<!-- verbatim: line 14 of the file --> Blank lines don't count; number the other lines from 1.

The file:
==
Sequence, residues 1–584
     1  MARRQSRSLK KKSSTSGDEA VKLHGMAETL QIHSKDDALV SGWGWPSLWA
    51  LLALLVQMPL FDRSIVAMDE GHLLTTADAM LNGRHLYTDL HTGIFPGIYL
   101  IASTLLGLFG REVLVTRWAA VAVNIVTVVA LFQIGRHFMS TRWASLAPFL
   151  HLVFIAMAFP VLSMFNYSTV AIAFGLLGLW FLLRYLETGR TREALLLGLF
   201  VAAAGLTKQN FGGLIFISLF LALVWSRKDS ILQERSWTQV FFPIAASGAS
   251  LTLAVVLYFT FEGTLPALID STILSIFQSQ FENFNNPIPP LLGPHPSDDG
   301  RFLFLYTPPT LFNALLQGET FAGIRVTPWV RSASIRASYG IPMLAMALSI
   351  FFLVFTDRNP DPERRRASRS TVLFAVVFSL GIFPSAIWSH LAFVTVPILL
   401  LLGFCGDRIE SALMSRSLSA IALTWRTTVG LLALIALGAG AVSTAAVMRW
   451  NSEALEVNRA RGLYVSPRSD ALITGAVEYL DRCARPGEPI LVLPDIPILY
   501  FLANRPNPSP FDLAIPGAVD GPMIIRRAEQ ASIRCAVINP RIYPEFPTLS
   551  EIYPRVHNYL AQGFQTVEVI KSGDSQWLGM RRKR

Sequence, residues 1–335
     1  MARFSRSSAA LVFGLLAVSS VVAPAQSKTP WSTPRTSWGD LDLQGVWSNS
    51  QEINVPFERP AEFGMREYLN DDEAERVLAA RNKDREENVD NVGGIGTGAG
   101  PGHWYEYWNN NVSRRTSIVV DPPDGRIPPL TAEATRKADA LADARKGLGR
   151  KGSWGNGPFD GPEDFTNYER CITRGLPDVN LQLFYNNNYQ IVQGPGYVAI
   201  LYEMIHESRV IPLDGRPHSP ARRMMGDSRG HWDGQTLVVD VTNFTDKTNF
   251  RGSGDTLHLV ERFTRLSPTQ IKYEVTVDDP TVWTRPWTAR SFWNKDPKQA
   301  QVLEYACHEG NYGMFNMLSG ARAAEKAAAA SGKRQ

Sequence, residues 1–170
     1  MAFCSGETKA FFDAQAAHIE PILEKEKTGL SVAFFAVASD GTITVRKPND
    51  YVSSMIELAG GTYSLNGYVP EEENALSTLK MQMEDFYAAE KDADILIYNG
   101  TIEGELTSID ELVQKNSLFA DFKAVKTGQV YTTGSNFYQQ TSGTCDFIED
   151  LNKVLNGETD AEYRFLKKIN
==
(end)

Sequence, residues 1–335